James Holzhauer on how children’s books turned him into a Jeopardy! champion (Q&A)

 

By Jill Grunenwald, Staff Writer | June 2019

At the end of his 32-day winning streak, Jeopardy! champion James Holzhauer finished in all of the top 10 spots for single-game winnings, breaking his own record several times over and amassing more than $2.4 million. He even had a perfect game on April 17, correctly identifying the question to all 41 answers provided by host Alex Trebek.

Perspectives on Reading was given an opportunity to talk with Holzhauer, who employed several strategies for his incredible run, including using children’s books that he checked out from his local public library in Las Vegas (he’s pictured above with his library card) for research.

PoR: Part of your Jeopardy! strategy included reading children’s books, especially when it came to a subject you weren’t interested in and couldn’t get into with the adult reference titles. For certain subjects, there were probably multiple children’s books available — how did you decide which ones to read? Or did you read many of them to try and get a complete view?

James Holzhauer: Often it was just whichever book caught my eye first, although I kept coming back to certain series like Classics Illustrated. I did usually read more than one book per subject to ensure I wasn’t missing anything important.

PoR: I imagine that there were certain subjects that were near-impossible to find in the children’s section at the library. That said, in recent years there has been a growing trend of picture books aimed at adults (or, at least, with crossover appeal to adults). I’m thinking of titles like Go the F*ck to Sleep and All My Friends Are Dead. Do you think there are opportunities available to publishers to expand into creating “children’s book for adults” specifically to make certain nonfiction subjects more appealing?

James Holzhauer: This is an interesting idea for an untapped market. I’ve definitely seen a lot of books aimed at adults who want to relearn the things they forgot from school (I Used To Know That, etc.), and I think anything that gets people reading more is a positive.

PoR: Not only did you use children’s books to read up on subjects, you got them from the library. As a publication focused on reading, we are huge supporters of libraries because they are a true equalizer when it comes to education and literacy. Anyone can go into the library and find a book on a topic that interests them — all for free. Plus the librarians are there to help if you’re not sure how to find what you’re looking for. Would you agree that libraries really are “the people’s university?”

James Holzhauer: I think “the people’s university” is an excellent way of describing our libraries. Even though I went to fine schools, I think of myself as an autodidact. Unless your best friend happens to be a pro sports gambler who wants to teach you, you basically have to learn everything on your own. Preparing for Jeopardy! was basically a one-man job, though, of course, my wife was there to support me at every step. Libraries are here to make sure everyone with the proper initiative can educate themselves to meet their goals.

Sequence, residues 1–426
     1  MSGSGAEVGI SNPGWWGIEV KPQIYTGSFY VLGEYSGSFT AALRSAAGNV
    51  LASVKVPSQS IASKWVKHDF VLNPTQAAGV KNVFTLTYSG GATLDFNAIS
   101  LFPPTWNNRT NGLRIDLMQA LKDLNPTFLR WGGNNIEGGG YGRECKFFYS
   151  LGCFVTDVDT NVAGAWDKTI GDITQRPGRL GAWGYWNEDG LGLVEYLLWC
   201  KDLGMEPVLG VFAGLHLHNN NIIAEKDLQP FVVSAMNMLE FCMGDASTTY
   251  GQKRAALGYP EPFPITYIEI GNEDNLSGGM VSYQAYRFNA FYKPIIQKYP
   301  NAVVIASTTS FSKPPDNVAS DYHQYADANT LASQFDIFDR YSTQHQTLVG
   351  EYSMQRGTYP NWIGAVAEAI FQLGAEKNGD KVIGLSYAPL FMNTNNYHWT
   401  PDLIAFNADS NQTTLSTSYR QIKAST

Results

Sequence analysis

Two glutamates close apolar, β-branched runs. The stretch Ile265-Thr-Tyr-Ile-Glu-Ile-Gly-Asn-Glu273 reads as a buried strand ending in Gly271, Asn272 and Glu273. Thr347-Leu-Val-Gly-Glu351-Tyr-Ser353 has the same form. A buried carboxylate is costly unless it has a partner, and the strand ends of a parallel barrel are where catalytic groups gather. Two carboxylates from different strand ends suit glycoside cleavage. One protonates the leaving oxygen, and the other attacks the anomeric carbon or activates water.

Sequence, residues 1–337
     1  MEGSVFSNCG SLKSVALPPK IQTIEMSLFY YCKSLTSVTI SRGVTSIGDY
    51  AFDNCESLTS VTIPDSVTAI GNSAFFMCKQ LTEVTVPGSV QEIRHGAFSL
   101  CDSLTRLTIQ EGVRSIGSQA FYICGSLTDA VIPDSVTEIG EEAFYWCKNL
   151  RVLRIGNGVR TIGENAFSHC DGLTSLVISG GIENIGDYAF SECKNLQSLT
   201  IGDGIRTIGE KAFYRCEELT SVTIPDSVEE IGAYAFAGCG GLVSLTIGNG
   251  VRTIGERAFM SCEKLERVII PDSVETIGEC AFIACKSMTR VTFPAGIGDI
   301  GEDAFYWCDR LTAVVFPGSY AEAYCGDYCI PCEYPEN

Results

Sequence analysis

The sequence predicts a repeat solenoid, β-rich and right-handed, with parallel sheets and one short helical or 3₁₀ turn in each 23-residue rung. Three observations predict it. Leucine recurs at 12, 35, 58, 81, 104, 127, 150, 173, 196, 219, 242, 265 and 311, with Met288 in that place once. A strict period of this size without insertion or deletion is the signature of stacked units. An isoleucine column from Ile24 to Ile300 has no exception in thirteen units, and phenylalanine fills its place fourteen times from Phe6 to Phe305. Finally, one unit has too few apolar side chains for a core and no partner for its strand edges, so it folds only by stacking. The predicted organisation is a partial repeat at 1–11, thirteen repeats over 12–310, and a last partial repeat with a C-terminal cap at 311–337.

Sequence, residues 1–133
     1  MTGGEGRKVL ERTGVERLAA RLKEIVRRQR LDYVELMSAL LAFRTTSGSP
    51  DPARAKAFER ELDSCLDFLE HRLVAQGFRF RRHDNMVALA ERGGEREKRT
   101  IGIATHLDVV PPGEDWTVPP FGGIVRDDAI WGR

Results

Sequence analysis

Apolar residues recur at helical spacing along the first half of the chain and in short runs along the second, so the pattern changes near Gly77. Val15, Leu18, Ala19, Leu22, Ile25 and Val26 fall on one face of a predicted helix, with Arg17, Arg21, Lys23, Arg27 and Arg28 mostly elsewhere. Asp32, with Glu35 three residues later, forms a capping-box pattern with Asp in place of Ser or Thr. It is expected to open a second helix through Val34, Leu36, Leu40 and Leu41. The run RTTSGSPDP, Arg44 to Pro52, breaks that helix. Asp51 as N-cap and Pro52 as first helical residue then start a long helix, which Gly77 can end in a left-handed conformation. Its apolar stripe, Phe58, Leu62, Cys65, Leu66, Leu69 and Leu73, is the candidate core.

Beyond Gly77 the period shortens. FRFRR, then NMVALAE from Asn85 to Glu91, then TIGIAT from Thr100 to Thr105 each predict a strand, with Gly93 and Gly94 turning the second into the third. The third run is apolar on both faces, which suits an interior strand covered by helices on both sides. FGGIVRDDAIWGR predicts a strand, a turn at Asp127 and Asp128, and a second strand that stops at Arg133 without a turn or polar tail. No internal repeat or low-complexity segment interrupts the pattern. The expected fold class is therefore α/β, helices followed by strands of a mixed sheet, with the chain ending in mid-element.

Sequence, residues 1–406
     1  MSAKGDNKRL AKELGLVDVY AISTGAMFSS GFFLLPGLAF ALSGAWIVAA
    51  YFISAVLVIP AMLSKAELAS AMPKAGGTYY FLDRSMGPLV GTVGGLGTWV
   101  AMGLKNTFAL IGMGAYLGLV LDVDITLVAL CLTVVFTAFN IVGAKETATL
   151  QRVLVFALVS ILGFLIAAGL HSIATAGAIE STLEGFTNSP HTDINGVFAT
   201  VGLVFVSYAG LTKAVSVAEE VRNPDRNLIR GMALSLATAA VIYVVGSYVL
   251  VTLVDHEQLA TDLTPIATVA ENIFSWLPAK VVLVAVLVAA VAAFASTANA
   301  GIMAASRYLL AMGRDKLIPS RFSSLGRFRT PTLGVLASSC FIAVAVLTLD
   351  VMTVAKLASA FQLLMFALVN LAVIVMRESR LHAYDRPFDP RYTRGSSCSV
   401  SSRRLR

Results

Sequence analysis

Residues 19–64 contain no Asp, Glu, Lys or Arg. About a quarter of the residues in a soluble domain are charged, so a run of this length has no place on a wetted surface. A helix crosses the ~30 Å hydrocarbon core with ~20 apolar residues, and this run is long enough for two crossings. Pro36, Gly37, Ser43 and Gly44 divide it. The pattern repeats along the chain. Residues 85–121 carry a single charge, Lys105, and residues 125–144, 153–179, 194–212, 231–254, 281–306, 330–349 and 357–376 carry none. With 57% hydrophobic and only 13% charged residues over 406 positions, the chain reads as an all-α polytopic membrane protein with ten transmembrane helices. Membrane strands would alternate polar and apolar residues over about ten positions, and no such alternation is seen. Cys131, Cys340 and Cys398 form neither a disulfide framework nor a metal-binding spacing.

PoR: Did you use the library growing up? I see as you the type who would wander into the adult section to find books.

James Holzhauer: I remember playing a lot of Oregon Trail and Number Munchers on the Apple II as a kid, and wandering into the adult section to find books on baseball cards and Monopoly strategy. As a teen I studied poker books.

PoR: I’ve read that getting on Jeopardy! has always been a bit of a pet project for you and that even as a child you gravitated toward nonfiction books. As someone who has succeeded on a game show all about facts, what it is about nonfiction and factual knowledge that appeals to you so much?

James Holzhauer: I’ve never really been a fan of fiction books. Getting lost in a different world doesn’t appeal to me the way maps and numbers do. I’m not sure I can explain this; it’s a personal preference.

PoR: What’s the most interesting fact you’ve learned from a children’s book?

James Holzhauer: I learned that the Arctic tern (bird) literally migrates across the world every year. Mind-blowing.

PoR: When you’re not studying for Jeopardy!, what types of books do you enjoy reading?

James Holzhauer:
Most of the books I read for pleasure are about bridge, popular economics or rock music.

PoR: You have a young daughter, and I imagine you read a lot of children’s books with her. What are some of the popular kid books in your house?

James Holzhauer:
My daughter really likes National Geographic Readers, Harry Potter and the poems of Shel Silverstein.

PoR: What I really love about your use of children’s books is that you are being open about the fact that sometimes adult reference books can be inaccessible. I find it important because I think sometimes reluctant and/or struggling readers feel embarrassed if they can’t get into a book or have a hard time with the reading level. This is especially true for boys, who tend to read less than girls. As a final question, do you have any advice for the parents of reluctant readers on how to make reading more enjoyable?

James Holzhauer:
To parents: Find something that excites your kid. When my dad saw I was really into maps and baseball history, he bought me an atlas and a book of Rube Waddell anecdotes. And show your children there’s nothing to be ashamed of by reading whatever moves you, regardless of its so-called target audience.

WATCH HOLZHAUER IN ACTION:

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